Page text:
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Number One

World of Springfield
by yo go re

The Simpsons, today, is known for its celebrity guest stars. Some folks portray themselves (Stan Lee, Stephen Hawking), some play characters (Johnny Cash, Joe Mantegna), but all of them have contributed to the world of Springfield.

Of course, it wasn't always this way.

When Leon Kompowski thought he was Michael Jackson, the (contractually unrevealed) mask-wearing, child-dangling pasty freak behind the microphone was credited as "John Jay Smith" - the actual voice actor remains unrevealed to this day. When Lisa had a crush on substitute teacher Mr. Bergstrom, it was "Sam Etic" who provided the voice, not Dustin Hoffman. Albert Brooks was voicing characters as early as season one, but his name never appeared on the show.

At that time, The Simpsons wasn't the smash hit it is today. Appearing on a low-rent children's cartoon could have been career poison, so the big names lent a hand on the condition that they not be associated with the show. How encouraging. This soon changed, however, and guesting on the show became a benchmark of success, not failure. In fact, now only The Love Boat has had more celebrity guest stars than The Simpsons. Quite a distinction!

When Homer joined the Stonecutters, he was inducted to a world of weird, strange, sick, twisted, eerie, godless, evil stuff. Well, that and keggers. The leader of the Springfield chapter of this world-spanning organization was the stoic and imposing Number One.

Voiced by Star Trek and X-Men's Patrick Stewart, Number One was a commanding figure; now, thanks to Playmates Toys, Number One is a collectible figure.

And yes, according to the front of the packaging, this figure really is "Number One." Not "Number 1," or even the more sensical "Stonecutter Number One," just "Number One." That's why the title of this page and the header at the top of the review don't include the word "Stonecutter." But since we think people are more likely to search for Stonecutter Number One than only Number One, we're going to go ahead and say Stonecutter Number One a bunch of times in the body of the review, to cover all the bases. (See, it's thinking like that that's made us #1.)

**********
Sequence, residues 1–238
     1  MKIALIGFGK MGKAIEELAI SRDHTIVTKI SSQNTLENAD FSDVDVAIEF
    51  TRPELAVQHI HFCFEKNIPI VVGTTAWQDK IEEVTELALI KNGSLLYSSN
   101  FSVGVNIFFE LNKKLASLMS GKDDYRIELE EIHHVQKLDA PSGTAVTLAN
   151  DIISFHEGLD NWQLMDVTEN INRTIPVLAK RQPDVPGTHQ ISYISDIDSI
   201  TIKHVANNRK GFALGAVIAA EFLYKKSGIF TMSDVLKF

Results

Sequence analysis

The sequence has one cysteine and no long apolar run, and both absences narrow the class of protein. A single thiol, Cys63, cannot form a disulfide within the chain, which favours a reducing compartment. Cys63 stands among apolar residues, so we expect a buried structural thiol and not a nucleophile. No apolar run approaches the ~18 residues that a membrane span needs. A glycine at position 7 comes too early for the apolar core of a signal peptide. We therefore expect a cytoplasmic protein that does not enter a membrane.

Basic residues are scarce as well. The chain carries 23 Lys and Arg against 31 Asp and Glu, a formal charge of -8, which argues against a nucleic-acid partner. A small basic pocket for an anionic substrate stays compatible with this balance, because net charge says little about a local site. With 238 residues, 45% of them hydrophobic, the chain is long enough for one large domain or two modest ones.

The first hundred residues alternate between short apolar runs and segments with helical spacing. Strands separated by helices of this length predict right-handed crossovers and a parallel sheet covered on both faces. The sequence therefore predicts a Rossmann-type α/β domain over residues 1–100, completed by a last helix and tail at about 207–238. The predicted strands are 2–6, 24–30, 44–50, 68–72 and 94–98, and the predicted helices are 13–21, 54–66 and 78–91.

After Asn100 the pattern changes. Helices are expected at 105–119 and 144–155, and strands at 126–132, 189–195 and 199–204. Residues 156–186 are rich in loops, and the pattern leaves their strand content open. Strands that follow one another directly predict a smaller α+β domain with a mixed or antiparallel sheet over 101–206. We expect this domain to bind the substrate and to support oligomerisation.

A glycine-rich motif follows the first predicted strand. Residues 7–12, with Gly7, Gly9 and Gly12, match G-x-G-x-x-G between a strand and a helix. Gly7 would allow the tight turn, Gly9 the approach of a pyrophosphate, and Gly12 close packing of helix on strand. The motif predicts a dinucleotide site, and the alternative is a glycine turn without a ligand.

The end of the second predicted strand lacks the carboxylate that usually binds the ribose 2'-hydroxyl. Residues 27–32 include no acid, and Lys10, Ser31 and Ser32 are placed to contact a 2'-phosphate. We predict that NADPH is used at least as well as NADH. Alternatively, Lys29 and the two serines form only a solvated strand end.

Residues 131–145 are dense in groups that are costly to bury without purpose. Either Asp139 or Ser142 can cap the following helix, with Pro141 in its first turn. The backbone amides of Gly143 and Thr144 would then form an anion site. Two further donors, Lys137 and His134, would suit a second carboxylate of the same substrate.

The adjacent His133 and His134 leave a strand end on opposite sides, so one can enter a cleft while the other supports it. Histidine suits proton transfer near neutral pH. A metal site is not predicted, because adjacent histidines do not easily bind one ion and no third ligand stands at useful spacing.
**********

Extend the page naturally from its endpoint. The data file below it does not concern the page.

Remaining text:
Clad in the maroon robes of the Stonecutters, Number One is dressed a bit more regally than the average member: he wears a blue apron with the Stonecutters' insignia, large purple shoulder pads and an ornate headdress. He moves only at the Springfield Four. There is a ring sculpted on his right hand (likely a Stonecutters' membership ring), but it is unpainted. That's kind of an odd oversight from Playmates.

Number One's accessories include a small beer stein with blue shields painted all the way around it; a Stonecutters handbook that has an inset circle for the logo, rather than merely a sticker; and a small yellow paddle, perfect for initiation rites such as "The Wreck of the Hesperus," "The Unblinking Eye," "Crossing the Desert" and "The Paddling of the Swollen Ass With Paddles." Ow.

Like most World of Springfield toys, Number One talks when connected to the appropriate playset. As of this writing he is compatible only with Bart's Treehouse, where he says two phrases:

  • "If you survive this five-story plunge, your character will be proven."
  • "Welcome to the club."

Why Bart's Treehouse? No idea.

One of the coolest features of this figure is the headdress - a separate piece, the hat can be removed to reveal Number One's full head. Never seen on the show, this is fully conjecture on the sculptors' part, but it's still good: Number One is as bald as the man who voiced him, and has the same sort of distinctive facial features. "Number One" was never given any other name; is it possible that Patrick Stewart really was the leader of the Springfield Stonecutters?

Stewart was anything but embarrassed by his role as a cartoon. As he has said, "Actually, I think my appearance in The Simpsons and an appearance that I did on Sesame Street - in praise of the letter B - were perhaps the two most distinguished bits of work that I've done in the United States." He lent his voice to a fun character, and now we've gotten a fun figure out of it.

I'm glad to see, after the Hank Scorpio debacle, that the celebrity figures are becoming easier to find. Now get us a Mulder and Scully!

-- 06/10/03

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